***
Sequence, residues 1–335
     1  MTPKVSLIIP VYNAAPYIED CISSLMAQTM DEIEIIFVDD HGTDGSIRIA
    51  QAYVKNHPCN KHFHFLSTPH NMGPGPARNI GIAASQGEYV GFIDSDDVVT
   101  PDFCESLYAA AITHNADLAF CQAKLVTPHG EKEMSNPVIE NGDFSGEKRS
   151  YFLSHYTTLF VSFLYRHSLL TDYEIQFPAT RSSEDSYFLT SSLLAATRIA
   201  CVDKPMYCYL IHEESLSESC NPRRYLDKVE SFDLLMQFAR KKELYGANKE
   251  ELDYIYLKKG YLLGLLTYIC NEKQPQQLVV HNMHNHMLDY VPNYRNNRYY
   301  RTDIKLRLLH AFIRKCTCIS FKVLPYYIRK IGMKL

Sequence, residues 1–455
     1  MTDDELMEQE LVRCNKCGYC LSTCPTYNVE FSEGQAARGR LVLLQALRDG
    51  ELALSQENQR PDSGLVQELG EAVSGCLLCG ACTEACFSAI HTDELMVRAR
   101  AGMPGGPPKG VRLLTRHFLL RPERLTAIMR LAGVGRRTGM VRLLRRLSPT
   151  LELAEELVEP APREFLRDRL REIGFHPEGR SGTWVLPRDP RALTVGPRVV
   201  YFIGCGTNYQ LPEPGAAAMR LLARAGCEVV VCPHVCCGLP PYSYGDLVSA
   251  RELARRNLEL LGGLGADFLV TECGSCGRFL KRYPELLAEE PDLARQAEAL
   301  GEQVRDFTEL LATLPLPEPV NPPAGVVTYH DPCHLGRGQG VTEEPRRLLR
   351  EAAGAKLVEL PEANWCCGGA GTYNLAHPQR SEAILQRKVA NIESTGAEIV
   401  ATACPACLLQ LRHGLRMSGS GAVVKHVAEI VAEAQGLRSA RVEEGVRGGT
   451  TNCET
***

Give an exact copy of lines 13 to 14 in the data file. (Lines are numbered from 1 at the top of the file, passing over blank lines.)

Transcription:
   151  LELAEELVEP APREFLRDRL REIGFHPEGR SGTWVLPRDP RALTVGPRVV
   201  YFIGCGTNYQ LPEPGAAAMR LLARAGCEVV VCPHVCCGLP PYSYGDLVSA